We had been watching the man at the table next to us for an hour, intrigued. He was alone, he was loud and gregarious with the wait staff, and he looked and sounded like he had stepped right off the set of The Godfather. While my husband and I had excellent service at Restaurant R’evolution in New Orleans, this man had exemplary service—at least three waiters circled his table throughout the meal, pouring his wine, bringing courses of food and laughing at his jokes.
I couldn’t leave well enough alone.
When I overheard him ask a waitress if she could take home a bottle of unfinished wine if he opened another—and she said no—I reached over, touched his back and said, “We can take home the bottle.”
He turned around with a delighted smile on his face and pulled up a chair to our table. Dessert was ordered, and more wine arrived. And our dinner-for-two turned into a surreal experience for the storybooks.
“I’m boring. Really boring,” he said, when pressed about his vocation. “Tell me more about what you do.”
He was evasive, and mysterious, and funny as all get out. We were fascinated.
What I managed to find out from him, after pounding him with a questioning that would have made my journalism professors proud: His name was Michael. He had just flown into town from Fort Lauderdale, where he had put his Scandinavian wife and two children on a boat for a week. (“I don’t do cruises,” he said.) He was in New Orleans for two days for some unfinished business and was returning to New York the following day. His occupation: “Let’s just say, I take care of other people’s problems.”
“He killed someone this morning and disposed of the body, and we are spending the evening with him,” my husband quietly remarked as the three of us were ushered from our table—where Michael had paid with wads of cash—for a behind-the-scenes tour of the kitchen and the wine cellar by the restaurant manager.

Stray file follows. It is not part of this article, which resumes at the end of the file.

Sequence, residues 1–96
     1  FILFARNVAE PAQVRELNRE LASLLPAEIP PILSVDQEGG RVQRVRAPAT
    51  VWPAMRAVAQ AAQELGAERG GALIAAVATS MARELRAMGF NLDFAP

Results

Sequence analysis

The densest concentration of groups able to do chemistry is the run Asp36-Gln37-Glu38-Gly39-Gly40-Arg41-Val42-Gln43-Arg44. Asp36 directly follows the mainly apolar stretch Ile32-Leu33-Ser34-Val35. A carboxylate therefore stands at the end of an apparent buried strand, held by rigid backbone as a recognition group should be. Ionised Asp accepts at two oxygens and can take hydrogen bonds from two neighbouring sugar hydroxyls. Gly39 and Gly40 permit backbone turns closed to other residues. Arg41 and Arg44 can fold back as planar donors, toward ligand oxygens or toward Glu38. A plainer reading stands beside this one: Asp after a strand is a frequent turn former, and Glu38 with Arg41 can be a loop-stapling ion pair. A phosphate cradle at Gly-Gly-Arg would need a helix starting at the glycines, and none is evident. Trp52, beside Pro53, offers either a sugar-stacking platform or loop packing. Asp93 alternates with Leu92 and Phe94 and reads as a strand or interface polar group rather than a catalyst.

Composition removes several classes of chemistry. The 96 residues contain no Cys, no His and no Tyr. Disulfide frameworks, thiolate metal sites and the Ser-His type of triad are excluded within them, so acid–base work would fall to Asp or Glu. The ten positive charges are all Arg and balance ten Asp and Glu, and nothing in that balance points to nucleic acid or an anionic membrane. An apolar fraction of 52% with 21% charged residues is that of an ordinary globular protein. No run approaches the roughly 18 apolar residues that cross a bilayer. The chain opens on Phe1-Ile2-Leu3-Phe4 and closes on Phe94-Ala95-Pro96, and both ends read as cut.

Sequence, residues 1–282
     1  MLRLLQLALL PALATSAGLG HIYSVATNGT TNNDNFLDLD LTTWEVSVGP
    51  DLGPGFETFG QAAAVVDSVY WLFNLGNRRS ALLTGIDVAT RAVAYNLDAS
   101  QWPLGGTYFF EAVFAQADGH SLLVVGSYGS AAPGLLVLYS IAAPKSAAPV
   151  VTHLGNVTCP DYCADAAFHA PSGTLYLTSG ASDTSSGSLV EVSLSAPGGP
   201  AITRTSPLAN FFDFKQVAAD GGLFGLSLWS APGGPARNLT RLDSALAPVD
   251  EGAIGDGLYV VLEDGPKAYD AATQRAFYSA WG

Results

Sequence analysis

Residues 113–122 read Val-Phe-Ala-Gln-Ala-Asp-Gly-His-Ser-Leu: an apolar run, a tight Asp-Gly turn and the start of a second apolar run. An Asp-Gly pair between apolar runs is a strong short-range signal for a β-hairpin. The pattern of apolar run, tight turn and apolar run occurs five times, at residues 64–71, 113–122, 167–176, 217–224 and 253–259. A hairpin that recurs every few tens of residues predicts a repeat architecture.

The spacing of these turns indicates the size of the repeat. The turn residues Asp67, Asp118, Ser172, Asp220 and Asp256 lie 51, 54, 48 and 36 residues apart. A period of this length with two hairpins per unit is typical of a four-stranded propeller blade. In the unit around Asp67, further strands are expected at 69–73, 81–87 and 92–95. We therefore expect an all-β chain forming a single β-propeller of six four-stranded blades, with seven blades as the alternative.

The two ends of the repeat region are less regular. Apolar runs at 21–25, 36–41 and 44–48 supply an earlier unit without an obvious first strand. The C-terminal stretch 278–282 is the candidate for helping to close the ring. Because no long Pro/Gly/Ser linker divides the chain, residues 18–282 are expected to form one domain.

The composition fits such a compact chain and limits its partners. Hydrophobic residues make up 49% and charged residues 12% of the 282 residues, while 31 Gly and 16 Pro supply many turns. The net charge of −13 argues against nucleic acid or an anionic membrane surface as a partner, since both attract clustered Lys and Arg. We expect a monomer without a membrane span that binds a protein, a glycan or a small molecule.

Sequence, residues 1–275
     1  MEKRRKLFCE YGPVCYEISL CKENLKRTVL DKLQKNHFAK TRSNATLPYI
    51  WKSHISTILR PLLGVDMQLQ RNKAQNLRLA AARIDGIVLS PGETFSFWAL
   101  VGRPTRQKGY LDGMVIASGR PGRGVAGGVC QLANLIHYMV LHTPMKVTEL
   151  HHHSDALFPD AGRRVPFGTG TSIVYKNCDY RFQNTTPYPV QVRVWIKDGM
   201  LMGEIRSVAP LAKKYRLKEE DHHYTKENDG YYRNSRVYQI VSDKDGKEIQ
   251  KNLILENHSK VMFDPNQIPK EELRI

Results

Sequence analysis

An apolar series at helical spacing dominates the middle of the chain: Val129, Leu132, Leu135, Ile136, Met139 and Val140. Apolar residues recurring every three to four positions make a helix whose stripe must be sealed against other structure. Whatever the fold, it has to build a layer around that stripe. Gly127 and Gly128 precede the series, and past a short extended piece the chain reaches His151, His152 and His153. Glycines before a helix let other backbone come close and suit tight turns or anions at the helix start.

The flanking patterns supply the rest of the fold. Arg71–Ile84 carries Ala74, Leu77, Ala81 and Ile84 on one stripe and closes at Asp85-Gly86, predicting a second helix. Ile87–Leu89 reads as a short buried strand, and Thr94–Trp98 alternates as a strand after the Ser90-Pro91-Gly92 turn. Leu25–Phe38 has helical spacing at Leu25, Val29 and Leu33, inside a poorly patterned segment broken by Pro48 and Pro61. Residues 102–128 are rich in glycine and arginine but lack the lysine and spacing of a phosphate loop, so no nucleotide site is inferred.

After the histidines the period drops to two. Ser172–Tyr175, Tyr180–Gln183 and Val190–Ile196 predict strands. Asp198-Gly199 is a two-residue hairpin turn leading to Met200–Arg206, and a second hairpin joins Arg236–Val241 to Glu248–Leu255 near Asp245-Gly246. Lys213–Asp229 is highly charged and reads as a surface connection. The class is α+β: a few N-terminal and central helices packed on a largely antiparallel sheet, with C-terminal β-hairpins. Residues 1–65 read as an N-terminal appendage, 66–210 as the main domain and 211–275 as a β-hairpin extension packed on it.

“But we’re in the wine cellar,” I said, arms open to celebrate the 10,000 bottles lined floor to ceiling. “Isn’t this great?”
The truth is, we really liked Michael. Or the version of him that we knew. And he seemed to like us. Plus he had a reserved table at the lounge next door where a jazz musician was playing, and he wanted us to join him.
Did I fear for my life? No. Was I concerned that the last name he begrudgingly gave us was, in fact, not a real name? Perhaps. But at the time, it was a risk we decided was worth taking because we were having a great time. The evening was long and was filled with more hilarious stories and more wine. The wait staff from R’evolution found us in the lounge and personally thanked him for the generous tip that he had left them. The jazz musician played on. We had made a new friend.
“If you ever, ever need anything in New York, give me a call,” said Michael, giving us his cell number at the end of the evening. “A restaurant reservation, a Broadway ticket. Anything.”
We assured him that we would, knowing we would never call, and hit the streets outside on the way back to our hotel.
My husband and I have eaten at communal tables in Germany, where we have happily conversed with the diners next to us. We have swapped stories with strangers at a castle in France where the hostess’ version of a picnic included multiple courses and plenty of libations. But dining with a potential member of the Mafia tops our list of meal-sharing experiences. I would catch my husband’s eye, over the course of the night, with a look that said, “Can you believe this is happening?”
No, his look said. No, I cannot.
Was Michael really a wiseguy? No way to know. But the excellent meal became even more interesting because he was there. Sharing a meal with others, although public, can be intimate too. You can learn something new—something that you might not learn in a casual conversation at a cocktail party. And that night we learned plenty. Meals take time, and timing is everything.
As for the phone number, I still have it. One never knows when I might get in a bind in New York and need Michael no-last-name to fix a problem. A problem such as needing reservations at a packed restaurant or tickets to a sold-out show. It’s nice to know that there is someone out there that has my back.